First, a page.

Where did you get the drive to continue even though things were so hard?
Integrity is everything, and I was committed to doing the best I could to lead with it every day. I was hired to do a difficult but meaningful job. People depended on me to lead through change, and I derive a lot of satisfaction from seeing employees succeed, grow in their careers, and achieve their personal goals. Despite our broader reputational challenges, I focused on the fact that people want to understand how they are making a difference in what we do, and they want to feel appreciated.
When people are going through significant change, it’s hard to make them feel appreciated because they’re concerned about their jobs. We focused on getting through that, and now we’re hopefully showing them that we’re growing our business, investing in them and our clients by improving our technology, making our processes easier, and making their jobs easier. Once we have that environment where there is growth in the business and we’ve removed obstacles, they can focus on doing what they love, which is building and fostering relationships with their clients.
That brings me to the other piece that drove me to continue: our clients. As a financial services company, we have a huge responsibility to help our clients succeed. They rely on us for services and products that help them with their day-to-day business. These clients range from farmers to manufacturers to local universities, all key drivers of the economy. They call on us when they have opportunities, like acquisitions or expansions. They look to us for our expertise to help them navigate challenges. Our clients need us to be here for them 100% every single day, and that kept me going in a big way.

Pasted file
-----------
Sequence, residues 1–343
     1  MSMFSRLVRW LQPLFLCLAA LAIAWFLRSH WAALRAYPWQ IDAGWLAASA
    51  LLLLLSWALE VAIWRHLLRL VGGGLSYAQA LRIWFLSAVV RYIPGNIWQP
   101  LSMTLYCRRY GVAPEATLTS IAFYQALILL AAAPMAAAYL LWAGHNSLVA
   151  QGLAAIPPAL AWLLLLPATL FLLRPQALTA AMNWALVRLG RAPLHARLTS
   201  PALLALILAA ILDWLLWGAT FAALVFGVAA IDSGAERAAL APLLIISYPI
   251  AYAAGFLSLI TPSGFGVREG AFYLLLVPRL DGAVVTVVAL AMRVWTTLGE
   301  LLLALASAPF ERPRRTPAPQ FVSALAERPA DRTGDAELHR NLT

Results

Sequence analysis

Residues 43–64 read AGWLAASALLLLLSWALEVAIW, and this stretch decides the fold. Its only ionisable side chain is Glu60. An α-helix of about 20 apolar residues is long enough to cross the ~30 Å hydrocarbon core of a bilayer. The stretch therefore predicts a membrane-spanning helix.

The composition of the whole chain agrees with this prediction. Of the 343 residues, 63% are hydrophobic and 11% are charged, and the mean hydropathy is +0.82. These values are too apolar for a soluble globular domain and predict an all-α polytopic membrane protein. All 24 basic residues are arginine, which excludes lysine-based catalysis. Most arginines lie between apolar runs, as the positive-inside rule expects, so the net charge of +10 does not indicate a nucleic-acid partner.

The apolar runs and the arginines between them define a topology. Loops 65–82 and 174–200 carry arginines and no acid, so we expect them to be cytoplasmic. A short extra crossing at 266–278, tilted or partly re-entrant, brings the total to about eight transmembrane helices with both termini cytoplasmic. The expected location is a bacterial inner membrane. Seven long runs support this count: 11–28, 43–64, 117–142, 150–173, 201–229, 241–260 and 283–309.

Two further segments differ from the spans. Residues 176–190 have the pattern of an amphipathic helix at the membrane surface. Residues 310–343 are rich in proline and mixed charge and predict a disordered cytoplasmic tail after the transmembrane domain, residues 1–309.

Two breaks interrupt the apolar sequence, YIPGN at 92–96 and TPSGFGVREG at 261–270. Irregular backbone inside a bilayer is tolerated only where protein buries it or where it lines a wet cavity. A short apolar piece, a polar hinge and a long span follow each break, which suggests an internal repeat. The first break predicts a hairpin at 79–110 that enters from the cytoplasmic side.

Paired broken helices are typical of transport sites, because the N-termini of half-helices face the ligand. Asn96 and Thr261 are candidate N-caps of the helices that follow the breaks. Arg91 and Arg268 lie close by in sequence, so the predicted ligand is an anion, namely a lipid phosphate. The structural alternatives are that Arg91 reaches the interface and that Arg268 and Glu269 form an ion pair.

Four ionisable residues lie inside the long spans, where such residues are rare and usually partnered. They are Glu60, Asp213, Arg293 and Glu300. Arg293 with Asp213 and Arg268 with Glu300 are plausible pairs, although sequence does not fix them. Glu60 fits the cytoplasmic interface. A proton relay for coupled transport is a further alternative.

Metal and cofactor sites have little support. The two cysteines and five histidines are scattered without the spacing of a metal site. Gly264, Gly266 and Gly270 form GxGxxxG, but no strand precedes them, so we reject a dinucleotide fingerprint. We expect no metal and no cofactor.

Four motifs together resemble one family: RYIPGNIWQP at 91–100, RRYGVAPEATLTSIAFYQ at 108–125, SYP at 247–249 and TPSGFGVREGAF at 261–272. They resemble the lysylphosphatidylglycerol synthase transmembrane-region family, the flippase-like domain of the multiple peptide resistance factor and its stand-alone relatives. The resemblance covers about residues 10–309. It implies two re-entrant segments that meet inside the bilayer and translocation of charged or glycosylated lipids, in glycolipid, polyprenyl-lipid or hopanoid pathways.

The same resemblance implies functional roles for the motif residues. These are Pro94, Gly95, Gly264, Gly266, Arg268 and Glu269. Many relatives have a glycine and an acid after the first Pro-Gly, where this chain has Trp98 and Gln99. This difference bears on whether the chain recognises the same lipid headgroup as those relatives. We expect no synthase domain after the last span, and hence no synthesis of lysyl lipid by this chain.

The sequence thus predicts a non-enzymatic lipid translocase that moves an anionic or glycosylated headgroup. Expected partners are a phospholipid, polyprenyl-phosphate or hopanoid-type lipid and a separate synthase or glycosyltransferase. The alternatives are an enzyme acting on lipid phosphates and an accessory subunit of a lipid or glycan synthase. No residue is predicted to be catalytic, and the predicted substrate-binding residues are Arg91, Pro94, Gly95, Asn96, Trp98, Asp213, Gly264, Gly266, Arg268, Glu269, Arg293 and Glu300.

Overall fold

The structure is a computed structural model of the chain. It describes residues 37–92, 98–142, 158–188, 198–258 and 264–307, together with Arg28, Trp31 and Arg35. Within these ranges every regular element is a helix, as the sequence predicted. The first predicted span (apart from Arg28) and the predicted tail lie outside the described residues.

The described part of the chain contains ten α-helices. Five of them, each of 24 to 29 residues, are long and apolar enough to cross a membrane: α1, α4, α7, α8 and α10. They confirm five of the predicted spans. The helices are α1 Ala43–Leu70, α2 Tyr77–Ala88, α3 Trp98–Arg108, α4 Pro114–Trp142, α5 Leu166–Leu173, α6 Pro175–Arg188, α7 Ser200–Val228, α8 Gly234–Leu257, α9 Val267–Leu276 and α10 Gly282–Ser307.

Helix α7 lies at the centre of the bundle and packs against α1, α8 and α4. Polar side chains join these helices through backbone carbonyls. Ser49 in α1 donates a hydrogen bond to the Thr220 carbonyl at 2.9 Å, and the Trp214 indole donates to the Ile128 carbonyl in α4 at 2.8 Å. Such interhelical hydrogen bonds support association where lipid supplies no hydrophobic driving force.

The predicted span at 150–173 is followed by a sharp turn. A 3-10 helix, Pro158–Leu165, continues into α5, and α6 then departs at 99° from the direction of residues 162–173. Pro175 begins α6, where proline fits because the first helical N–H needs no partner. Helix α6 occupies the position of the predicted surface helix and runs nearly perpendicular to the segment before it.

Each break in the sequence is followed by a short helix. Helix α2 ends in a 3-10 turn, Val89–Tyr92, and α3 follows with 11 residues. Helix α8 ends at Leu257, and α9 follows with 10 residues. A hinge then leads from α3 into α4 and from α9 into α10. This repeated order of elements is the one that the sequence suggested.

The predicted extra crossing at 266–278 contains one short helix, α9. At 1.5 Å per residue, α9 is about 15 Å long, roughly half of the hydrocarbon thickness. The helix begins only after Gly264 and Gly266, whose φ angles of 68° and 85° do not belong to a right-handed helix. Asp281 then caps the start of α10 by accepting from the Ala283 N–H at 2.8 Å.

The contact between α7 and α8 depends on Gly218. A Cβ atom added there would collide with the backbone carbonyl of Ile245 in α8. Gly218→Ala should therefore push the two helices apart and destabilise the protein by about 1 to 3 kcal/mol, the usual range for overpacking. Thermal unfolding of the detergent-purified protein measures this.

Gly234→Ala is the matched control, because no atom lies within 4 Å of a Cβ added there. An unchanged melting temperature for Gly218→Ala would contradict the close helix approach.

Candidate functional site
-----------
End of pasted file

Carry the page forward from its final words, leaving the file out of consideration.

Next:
So, how are things going today? How did grit and resilience lead to your eventual success?
The changes we’ve put in place are part of a multiyear effort. Last year, we had some pretty severe headwinds. It would have been easy to give up, but my leadership team and I saw an opportunity to accelerate change.
We took some punches, as you do in leadership, we grew thicker skin and didn’t give up because we knew if we could get through it, employees and clients would be better off. We took stock of what was good about our business and spent time laying out what makes us who we are, and what gives us the strong market share we have. We kept that front and center. At the same time, we knew there were things we needed to improve — become more efficient, reduce the number of processes, work more collaboratively together, make it easier to do business with us. It was critical that the changes we made were in support of those areas.
2020 was the hardest year of my career. Looking back, though, we mostly made the right decisions. There are still some bumps in the road, but we’re in a much better place today. We are focused on growing the business, developing our people, and doing exciting things for our clients.
What do you think makes your company stand out? Can you share a story?
We have the ability to truly understand the needs of middle market companies given the scope of products, services and market intelligence we deliver at scale. Most middle market companies aspire for growth and we are the bank that can grow with them.
An example of this is our relationship with Zoom. We’ve been their commercial bank from day one and played an important role in their IPO. You can imagine their growth over the years with the emergence of video conferencing and their explosive growth with the pandemic. I’m really proud of the way our technology bankers have cared for the team at Zoom and stepped up their efforts to support the growth brought on by the pandemic, which changed the way we communicate worldwide.
Our employees thrive on helping businesses like Zoom succeed. I’ve always loved this part of banking — building relationships and delivering solutions in times of need. Regardless of the struggles our company has faced over the years, there is one thing that always comes through when I talk to our employees, and that is the satisfaction they get from supporting their clients through every day business and through all kinds of unexpected events, including a pandemic.